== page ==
The Hidden Worker

They have barely reached the peak of Golgotha when His clothes are violently torn off, leaving only open shreds where skin should be. Jesus staggers right and left as his hunched form is prodded towards the cross by clubs. He kneels beside the cross as one last time, His Sacred Body touches the dust that He created. Now is the moment for which He came to earth. Here is the wood for the sacrifice, and here is the lamb.

Surrounded by mockery, He lies down on that precious wood. Every movement is agony as the Victim and Priest stretches Himself out against the cross. Jesus’ left arm extends, His palm stretched open to heaven. “Here I am, Lord,” He breathes. “This is my Body,” He whispers to His Bride.

Jesus looks sideways, into the eyes of the soldier who will not look at Him. He feels the edge of the nail against His wrist. And then He feels what cannot be described.

He hears the hammer so close to His ear. Over and over it screams as it delivers its blows. But He has heard this sound before. “Father,” He cries in His torment.

In His moment of deepest pain, Jesus thinks of His foster father, Joseph. He brings to mind memories of His father at work, when Jesus’ little eyes were wide with awe at the strength of His dad who could haul giant pieces of wood and craft them into homes. He remembers the song of the hammer, the percussive score that played in the background of His entire childhood. He remembers watching Joseph drive the nails into the wood in swift and sure movements.

Jesus remembers when Joseph first taught Him. How He was so eager to place the two pieces of wood on top of each other. How Jesus had moved His thumb too quickly and felt the piercing pain of a nail for the first time. Tears had sprung to Jesus’ eyes, but they were wiped away so quickly by Joseph’s kind hands. The pain vanished as soon as Mary kissed that little thumb.

Mary and Joseph stood side by side that day to console their hurting child. But now Mary kneels alone. She is only able to watch as a wound is inflicted that will never close up, but will be glorified. Today however, there is no external glory. There is no comfort she can offer Jesus other than her presence and other than the hammer song that she and Jesus both know so intimately.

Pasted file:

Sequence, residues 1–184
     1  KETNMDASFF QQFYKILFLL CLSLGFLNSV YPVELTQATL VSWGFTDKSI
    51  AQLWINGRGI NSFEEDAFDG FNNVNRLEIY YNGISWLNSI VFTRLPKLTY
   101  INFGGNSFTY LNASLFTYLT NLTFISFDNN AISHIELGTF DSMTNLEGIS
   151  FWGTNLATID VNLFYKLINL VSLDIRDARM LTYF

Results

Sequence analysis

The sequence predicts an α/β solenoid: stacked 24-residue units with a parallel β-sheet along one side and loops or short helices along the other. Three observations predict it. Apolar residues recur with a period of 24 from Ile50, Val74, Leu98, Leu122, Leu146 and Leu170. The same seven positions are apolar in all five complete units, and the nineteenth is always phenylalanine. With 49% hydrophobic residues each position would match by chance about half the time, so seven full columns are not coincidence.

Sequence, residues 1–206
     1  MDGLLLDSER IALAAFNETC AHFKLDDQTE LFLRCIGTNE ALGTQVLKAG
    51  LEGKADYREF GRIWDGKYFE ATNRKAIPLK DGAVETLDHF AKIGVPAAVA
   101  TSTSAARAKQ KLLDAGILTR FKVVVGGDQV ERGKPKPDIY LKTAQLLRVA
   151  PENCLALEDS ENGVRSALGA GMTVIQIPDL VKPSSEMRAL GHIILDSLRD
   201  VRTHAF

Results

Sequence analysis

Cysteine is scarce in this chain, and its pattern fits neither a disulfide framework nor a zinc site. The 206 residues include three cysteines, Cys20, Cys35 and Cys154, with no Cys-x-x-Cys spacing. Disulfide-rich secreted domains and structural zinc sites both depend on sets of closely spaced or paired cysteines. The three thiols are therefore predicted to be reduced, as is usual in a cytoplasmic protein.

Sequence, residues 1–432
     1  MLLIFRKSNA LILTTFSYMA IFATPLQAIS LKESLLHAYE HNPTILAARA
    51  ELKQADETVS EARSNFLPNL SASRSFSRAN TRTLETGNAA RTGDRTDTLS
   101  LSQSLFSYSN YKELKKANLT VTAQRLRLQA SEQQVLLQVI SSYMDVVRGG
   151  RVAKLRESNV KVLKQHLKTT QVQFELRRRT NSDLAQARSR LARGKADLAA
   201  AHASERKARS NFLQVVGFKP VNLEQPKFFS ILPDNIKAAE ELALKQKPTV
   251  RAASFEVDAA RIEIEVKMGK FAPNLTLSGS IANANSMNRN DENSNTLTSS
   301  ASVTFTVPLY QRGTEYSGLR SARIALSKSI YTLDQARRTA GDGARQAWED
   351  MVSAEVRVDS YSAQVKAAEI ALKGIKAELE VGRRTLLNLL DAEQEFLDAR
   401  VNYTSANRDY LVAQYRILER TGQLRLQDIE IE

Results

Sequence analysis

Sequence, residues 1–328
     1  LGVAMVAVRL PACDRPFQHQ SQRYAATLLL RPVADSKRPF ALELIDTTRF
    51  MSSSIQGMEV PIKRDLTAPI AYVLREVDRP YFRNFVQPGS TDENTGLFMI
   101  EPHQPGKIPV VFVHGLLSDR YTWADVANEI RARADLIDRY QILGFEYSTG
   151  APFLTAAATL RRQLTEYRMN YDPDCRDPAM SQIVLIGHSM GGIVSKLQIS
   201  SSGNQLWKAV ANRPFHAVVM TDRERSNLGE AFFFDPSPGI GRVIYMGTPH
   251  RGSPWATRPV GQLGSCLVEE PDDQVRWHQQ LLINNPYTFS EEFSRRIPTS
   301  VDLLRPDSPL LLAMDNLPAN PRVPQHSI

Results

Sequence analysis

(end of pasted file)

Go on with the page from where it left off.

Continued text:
Joseph was there to hold Mary’s hand when Simeon foretold the revealing stab. But now as she feels that sword sink into her heart, there is nobody to help. The woman who watched her husband die now watches her son prepare to breathe His last.

They were both there when Joseph left this life. They both cradled him like a child, not letting go until his chest had stopped rising and falling and the fear had disappeared from his face. As their tears mingled in an embrace, Jesus had explained to Mary that they would see Joseph again, that He Himself would lead His foster father into the embrace of the heavenly Father. Here on the cross, that momentous occasion is only hours away.

The Son accepts the nails for the sake of the one who first taught him to hammer. Because of righteous Joseph, a man who was imperfect and yet a true son of David, the sound of the hammer blow becomes a consolation in the midst of unfathomable anguish.

In His humanity, Jesus has never tasted death. The dread of Gethsemane washes over Him once more as a nail is driven into His right wrist and His feet are shoved into position for theirs. But then He thinks of Joseph, the man who had protected and provided for and loved the Son of God as his own. This first teacher to Divine Wisdom Himself had known death. And aren’t sons willing to walk down any road, so long as they step where their father has trodden first?

“I will never abandon you,” Joseph had surely told Mary and the unborn Jesus the morning after the angel’s nocturnal visit. On Calvary, we can be sure that he never did.

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